Each day at the same time, the team meets so as to bring everyone up to date on the information that is vital for coordination: each team member briefly describes any “completed” contributions and any obstacles that stand in their way. Usually, Scrum’s Three Questions are used to structure discussion. The meeting is normally held in front of the task board.
This meeting is normally timeboxed to a maximum duration of 15 minutes, though this may need adjusting for larger teams. To keep the meeting short, any topic that starts a discussion is cut short, added to a “parking lot” list, and discussed in greater depth after the meeting, between the people affected by the issue.
Also Known As
- the “daily stand-up”: from Extreme Programming, which recommended participants stand up to encourage keeping the meeting short
- the “daily scrum”: by reference to the name of the Scrum framework, and alluding to the huddle-like appearance of a rugby scrum (somewhat paradoxically: see the historical note below)
- the “huddle”, “roll-call”, or any number of variants
- the daily meeting prevents a common failure mode of teams, where in the absence of an explicit occasion to share recent information, some critical knowledge may sometimes “fall through the cracks”
- regular peer-to-peer sharing of information in a short, focused and energetic meeting also contributes to team cohesion
- stand-up meetings are reliably shorter, more pleasant, and more effective than sit-down meetings
- perhaps the most common mistake is to turn the daily meeting into a “status report” with each member reporting progress to the same person (the team’s manager, or the appointed Scrum Master) – exchanges in the daily meeting should be on a peer-to-peer basis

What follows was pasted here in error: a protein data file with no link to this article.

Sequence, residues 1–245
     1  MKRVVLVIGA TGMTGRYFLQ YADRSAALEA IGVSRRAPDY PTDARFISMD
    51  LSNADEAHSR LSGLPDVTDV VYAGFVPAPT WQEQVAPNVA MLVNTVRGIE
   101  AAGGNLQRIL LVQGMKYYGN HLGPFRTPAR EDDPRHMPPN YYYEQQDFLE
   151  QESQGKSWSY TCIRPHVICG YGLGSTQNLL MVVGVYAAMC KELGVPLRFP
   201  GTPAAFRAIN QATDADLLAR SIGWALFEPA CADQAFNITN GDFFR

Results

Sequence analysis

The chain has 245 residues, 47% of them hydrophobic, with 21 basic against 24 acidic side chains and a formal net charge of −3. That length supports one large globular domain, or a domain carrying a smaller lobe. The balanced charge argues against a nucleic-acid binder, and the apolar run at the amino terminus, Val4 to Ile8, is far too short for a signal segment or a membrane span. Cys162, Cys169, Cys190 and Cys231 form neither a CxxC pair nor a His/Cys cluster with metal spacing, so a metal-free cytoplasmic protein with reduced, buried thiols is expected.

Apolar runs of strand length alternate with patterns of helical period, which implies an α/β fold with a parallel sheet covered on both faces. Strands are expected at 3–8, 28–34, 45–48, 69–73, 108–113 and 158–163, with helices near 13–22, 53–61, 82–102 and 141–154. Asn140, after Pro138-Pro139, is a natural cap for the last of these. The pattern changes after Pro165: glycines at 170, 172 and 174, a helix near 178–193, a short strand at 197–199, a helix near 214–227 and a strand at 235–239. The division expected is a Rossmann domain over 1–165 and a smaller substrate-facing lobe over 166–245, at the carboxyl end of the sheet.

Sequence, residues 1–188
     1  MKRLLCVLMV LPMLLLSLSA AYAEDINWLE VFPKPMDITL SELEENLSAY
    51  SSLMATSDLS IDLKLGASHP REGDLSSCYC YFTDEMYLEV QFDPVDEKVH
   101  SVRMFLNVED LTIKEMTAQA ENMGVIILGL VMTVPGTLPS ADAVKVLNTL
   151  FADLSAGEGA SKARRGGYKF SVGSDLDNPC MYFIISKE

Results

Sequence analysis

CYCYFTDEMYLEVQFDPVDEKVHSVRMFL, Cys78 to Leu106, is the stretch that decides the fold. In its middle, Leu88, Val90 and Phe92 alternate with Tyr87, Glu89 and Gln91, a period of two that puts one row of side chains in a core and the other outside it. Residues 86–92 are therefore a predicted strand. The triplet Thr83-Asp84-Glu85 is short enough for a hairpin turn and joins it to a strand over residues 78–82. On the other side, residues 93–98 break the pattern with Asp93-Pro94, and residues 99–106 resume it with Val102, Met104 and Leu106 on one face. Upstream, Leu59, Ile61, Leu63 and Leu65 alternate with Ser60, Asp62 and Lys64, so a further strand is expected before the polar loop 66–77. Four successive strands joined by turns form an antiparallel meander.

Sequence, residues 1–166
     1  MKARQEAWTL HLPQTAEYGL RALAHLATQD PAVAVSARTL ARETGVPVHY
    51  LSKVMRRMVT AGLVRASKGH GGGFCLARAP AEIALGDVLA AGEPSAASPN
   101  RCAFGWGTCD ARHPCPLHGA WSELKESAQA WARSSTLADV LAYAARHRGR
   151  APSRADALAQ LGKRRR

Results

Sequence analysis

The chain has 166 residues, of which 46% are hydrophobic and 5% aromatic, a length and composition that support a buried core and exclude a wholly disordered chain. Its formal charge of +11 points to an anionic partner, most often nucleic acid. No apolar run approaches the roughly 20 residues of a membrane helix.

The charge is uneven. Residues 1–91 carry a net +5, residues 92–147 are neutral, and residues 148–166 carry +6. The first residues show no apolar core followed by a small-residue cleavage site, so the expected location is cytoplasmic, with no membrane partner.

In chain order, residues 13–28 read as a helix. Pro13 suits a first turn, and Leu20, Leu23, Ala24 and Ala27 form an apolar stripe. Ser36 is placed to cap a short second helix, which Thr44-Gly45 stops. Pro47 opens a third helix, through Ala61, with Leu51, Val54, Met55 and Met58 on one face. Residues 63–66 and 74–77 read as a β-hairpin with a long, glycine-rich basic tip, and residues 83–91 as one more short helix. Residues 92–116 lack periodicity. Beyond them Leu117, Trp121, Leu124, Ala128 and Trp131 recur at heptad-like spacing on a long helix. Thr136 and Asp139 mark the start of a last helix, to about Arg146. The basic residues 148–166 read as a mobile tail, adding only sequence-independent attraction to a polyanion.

- a second common pitfall is a daily meeting that drags on and on; this is easy to address with a modicum of facilitation skills
- a third common issue is a team finding little value in the daily meeting, to the point where people will “forget” to have it unless the Scrum Master or project manager takes the initiative; this often reveals a lukewarm commitment to Agile
- one final common symptom: the “no problem” meeting, where no team member ever raises obstacles (“impediments” in Scrum parlance), even though the team is manifestly not delivering peak performance; this is sometimes an indication that the corporate culture makes people uncomfortable with discussing difficulties in a group setting.
- 1993: Jim Coplien writes the original StandUpMeeting pattern.
- 1994: Jim Coplien, describing his observations of the “hyperproductive” Borland Quattro Pro team, notes their reliance on almost daily meetings: “the project was made more of meetings than anything else”; this article is also cited as a strong influence on Scrum
- 1997: Ken Schwaber describes the “daily scrum” (which does not appear in his earlier writings, such as the 1995 article “SCRUM Development Process”), this is later recast in pattern form by Mike Beedle
- 1998: the “daily stand-up” is listed as one of the core practices in Extreme Programming
- 2000, ca.: the “three questions” of Scrum’s daily meeting format are largely adopted by Extreme Programming teams
- 2004-2006: the daily meeting is generalized as a core Agile practice, and with the widespread use of task boards gain one final key guideline, “hold the daily meeting near the task board” (described for instance by Tobias Mayer)
Signs of Use
Sit in on a daily meeting as an observer. This is an excellent way to learn a great deal very quickly about a team’s familiarity with Agile practices.
It’s not Just Standing Up, by Jason Yip (2006-2011)